Traditional lutheranism


#1

Good morning,

I’m curious, do traditional Lutherans nowadays interpret the Bible litterally, or they interpret it as generally catholics do?
I mean the traditional Lutherans, not calvinists or other protestant sects.

Thanks.


#2

Well, you probably need to hear from a traditional/confessional Lutheran to answer that. My sense is that these days many confessional Lutherans do tend to a more fundamentalist interpretation of the Bible. This is not because of Luther. It is the result of osmosis and co-existing with reformed Protestants/Calvinists in the US for several centuries. I believe these confessional Lutheran and Calvinist communities often have more in common than, say, confessional Lutherans and Catholics or Anglicans. I could be wrong - would be happy to learn I am. I guess my point is this is American - Lutherans in Europe may be very different on this. Perhaps there are ‘higher’ confessional Lutherans who are more careful about the fundamentalist influence, rejecting it in the name of traditional Lutheran teaching. I don’t know. Fundamentalism as we know it from Protestants today is new, dating only back to the 19th century or so. Catholics and classic Protestants did not take the whole Bible literally ever in history, and I would include Martin Luther. In the past, parts of the Bible were taken literally, spiritually, metaphorically, historically, something like that, I forget the categories. As for evolution specifically I think the Missouri Synod rejects it, at least formally. Some Lutherans likely believe in it all the same, just as they probably don’t think the Pope is the Anti-Christ.


#3

Confessional Lutheran here.

I’m not sure I understand your question. Can you rephrase it?

Some parts of the Bible are literal, some are figurative, others more poetic, while still others are apocalyptic. What we know as the bible is made up of many different books with different styles of writing, which require different methods of interpretation. Confessional Lutherans have never changed in their understanding of Scripture, in this sense. We have always approached the books of Scripture in a reverent, academic way, seeking to understand God’s Word through the clearest texts, and using those to help understand less-clear texts.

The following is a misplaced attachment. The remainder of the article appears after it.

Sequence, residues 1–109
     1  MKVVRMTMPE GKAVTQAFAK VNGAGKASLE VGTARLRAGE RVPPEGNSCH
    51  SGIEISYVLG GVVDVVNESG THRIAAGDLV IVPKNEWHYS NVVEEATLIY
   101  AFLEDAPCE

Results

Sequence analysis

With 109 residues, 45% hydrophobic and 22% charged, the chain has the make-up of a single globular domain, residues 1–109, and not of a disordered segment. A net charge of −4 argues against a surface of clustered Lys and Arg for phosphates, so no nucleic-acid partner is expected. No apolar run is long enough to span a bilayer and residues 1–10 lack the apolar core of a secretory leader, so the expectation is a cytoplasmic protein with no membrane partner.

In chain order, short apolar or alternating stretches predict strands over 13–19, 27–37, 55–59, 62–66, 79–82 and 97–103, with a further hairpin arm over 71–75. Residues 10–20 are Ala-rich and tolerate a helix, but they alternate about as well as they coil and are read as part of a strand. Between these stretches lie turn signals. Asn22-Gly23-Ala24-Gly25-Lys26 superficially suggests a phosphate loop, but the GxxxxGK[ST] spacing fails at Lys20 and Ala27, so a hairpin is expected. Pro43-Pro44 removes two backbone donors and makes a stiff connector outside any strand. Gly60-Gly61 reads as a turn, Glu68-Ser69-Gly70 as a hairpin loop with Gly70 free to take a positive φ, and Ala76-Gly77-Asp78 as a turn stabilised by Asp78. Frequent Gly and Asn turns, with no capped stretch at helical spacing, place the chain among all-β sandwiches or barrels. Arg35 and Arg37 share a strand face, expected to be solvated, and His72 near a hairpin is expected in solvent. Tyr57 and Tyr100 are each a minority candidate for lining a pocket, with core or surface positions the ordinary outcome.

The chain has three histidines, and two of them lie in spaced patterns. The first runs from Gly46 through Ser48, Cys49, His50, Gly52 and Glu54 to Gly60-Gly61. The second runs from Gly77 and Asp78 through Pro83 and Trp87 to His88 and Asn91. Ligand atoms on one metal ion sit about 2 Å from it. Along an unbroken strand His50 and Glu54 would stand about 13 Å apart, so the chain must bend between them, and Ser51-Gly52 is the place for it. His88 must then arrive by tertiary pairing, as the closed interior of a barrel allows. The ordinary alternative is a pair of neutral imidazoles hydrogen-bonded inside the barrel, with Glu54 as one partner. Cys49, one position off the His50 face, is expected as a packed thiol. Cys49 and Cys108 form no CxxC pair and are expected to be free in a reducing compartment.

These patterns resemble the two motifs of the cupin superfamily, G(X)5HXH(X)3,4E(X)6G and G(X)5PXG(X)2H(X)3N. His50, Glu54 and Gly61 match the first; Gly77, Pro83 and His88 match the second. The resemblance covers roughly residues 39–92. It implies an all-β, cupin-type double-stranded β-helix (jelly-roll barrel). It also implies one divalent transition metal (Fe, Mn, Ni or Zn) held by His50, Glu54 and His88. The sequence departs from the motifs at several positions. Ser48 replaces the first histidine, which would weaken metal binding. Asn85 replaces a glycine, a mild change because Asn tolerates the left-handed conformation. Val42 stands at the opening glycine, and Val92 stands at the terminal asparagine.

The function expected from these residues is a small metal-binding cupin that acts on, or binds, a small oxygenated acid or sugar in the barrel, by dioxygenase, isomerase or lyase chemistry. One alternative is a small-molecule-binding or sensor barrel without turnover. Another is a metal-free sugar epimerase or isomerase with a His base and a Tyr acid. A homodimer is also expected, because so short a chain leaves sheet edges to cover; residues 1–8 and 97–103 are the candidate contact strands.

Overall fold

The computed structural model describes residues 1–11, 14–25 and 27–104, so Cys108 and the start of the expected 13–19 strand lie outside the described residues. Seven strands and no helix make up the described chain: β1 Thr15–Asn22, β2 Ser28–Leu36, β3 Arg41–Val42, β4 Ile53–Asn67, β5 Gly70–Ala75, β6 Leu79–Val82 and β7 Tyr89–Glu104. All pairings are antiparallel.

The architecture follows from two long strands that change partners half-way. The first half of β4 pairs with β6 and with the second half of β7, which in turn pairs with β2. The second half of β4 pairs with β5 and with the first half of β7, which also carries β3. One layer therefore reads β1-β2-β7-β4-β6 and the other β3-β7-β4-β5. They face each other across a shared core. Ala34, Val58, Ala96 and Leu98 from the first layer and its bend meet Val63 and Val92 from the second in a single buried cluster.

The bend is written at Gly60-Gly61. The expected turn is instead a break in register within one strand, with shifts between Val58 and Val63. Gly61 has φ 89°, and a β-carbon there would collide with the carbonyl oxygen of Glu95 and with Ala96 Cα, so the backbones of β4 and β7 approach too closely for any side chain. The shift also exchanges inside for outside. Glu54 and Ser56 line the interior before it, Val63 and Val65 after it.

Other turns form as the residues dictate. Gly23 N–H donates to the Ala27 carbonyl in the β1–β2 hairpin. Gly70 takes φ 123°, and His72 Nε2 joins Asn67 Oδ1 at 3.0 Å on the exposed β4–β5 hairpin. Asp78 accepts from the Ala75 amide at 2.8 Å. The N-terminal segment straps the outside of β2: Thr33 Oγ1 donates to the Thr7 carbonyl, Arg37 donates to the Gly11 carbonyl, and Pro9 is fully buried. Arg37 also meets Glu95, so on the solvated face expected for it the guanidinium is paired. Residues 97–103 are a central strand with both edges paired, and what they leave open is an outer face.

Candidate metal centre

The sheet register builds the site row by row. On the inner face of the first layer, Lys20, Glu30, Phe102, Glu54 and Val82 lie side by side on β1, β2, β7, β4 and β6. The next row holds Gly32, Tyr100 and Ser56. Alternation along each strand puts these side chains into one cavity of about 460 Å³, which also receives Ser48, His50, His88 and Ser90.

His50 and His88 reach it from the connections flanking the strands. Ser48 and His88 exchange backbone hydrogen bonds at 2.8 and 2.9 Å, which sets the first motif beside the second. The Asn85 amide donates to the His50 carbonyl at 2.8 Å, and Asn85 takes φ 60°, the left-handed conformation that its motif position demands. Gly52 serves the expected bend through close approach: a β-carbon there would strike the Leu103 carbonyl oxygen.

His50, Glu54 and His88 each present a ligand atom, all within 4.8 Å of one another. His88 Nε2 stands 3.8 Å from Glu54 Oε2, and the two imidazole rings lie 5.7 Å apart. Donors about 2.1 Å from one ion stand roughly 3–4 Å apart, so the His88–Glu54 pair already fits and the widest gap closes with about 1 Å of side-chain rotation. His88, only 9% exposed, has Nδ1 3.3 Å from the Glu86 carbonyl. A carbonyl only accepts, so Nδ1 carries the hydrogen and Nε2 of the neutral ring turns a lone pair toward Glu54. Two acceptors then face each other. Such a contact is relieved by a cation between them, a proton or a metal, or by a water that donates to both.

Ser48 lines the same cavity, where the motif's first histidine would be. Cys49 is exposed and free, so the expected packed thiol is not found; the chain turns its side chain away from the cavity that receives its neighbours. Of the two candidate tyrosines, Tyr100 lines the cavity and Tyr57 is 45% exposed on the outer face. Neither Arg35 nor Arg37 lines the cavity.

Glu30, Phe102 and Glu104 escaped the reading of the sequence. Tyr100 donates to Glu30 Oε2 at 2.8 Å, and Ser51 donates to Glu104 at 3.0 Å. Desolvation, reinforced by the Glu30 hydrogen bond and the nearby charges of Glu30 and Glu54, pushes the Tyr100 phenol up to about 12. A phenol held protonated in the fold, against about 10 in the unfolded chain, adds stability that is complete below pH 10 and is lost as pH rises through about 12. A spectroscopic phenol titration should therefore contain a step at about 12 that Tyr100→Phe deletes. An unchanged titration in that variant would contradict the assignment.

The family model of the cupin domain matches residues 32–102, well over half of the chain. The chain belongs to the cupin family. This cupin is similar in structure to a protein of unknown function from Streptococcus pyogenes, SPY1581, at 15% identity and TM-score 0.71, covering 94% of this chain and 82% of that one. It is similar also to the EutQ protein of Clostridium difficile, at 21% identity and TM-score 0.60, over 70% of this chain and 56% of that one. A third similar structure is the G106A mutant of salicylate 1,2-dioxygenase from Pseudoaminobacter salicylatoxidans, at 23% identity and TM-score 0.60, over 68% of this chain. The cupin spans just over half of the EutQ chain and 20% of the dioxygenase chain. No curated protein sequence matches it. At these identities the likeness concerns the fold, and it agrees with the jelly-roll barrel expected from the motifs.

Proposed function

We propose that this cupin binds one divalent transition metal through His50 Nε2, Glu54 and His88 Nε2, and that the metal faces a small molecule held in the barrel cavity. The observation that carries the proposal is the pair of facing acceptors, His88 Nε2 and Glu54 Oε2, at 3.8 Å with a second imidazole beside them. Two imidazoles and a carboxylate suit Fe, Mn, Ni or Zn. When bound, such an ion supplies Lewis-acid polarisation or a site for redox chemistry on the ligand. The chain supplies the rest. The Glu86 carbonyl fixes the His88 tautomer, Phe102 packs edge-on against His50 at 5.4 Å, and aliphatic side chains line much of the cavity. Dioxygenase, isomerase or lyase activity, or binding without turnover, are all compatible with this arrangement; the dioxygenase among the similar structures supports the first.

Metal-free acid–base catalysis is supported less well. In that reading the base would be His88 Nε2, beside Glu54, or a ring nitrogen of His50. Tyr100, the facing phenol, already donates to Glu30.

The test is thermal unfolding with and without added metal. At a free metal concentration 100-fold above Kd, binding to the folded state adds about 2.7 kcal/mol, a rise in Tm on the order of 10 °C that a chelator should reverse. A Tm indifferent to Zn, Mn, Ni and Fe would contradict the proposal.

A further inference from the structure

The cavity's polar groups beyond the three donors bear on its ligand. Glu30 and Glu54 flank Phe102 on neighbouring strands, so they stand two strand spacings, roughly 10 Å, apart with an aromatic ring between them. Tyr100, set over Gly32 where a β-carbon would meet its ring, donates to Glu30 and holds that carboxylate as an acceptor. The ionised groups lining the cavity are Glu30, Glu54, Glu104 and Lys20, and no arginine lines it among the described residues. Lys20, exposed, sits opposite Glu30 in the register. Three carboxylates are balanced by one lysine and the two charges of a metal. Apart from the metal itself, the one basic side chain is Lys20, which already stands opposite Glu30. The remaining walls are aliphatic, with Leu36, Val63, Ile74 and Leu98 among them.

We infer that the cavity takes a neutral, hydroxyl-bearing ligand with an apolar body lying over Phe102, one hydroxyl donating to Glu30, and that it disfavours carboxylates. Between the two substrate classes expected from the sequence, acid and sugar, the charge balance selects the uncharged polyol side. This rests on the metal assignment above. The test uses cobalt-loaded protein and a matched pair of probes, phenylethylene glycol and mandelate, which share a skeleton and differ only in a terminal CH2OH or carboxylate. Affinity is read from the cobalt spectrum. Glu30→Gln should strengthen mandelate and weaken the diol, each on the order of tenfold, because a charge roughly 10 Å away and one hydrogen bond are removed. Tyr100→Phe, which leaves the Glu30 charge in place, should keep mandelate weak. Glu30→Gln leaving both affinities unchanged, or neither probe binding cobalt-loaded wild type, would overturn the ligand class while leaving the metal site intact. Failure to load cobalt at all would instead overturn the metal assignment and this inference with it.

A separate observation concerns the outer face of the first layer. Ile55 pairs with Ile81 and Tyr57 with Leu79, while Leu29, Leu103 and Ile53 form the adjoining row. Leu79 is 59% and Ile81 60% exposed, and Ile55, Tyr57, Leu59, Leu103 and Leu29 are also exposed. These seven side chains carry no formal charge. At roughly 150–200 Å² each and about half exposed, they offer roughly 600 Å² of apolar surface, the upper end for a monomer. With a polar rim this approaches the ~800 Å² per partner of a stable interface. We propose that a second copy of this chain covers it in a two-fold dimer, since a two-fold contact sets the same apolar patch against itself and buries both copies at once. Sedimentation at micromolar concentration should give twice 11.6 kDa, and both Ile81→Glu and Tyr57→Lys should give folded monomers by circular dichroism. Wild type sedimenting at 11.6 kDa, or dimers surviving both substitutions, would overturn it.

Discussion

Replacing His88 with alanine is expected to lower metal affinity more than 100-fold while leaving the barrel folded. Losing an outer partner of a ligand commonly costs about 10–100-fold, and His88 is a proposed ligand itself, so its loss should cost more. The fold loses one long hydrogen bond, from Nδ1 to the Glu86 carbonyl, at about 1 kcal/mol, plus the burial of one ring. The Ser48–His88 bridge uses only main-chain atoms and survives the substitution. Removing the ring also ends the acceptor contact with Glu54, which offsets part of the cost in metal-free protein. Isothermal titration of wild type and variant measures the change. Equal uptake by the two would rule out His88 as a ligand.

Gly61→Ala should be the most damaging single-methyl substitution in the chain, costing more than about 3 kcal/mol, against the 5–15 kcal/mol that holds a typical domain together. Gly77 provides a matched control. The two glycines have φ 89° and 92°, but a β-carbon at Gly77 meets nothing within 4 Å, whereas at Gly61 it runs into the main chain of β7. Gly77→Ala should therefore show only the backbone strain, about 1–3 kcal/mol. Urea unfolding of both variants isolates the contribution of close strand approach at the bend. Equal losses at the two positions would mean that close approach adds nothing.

#4

Ew. I hope not! This has not been my experience as a lifelong Confessional Lutheran.

Correct. The LCMS accepts Genesis 1 and 2 as the historical account of creation, though not an exhaustive textbook-style explanation of it. Macro/Cosmic Evolution is generally rejected, as it would require at least animal death prior to the Fall, which wouldn’t particularly square with the Christian understanding of Original Sin and Death entering a perfect world through Adam. However, the LCMS does not attempt to speak where Scripture does not, so there is some small gray area with regard to Day/Age Theories - but it should be noted that the prevailing view is decidedly in favor more-or-less 24-hour days of creation. You can bet that LCMS members occupy every space along that gray spectrum, but the line is firmly drawn at an historical Adam and Eve.


#5

Pretty much how the Catholic Church reads Scripture.


#6

I suggest avoid using the word “fundamentalist”. It was very well defined, for a specific purpose, about a century ago, and it once had neither positive nor negative connotations. In recent years the media has exploited that term and applied it to attack any religious idea they don’t like. So you are labelled that if you think abortion or same sex marriage are wrong, or if you still believe in any kind of inspiration of the bible.

So better to avoid that (formerly useful) term, as its use has become uncharitable and confusing.


#7

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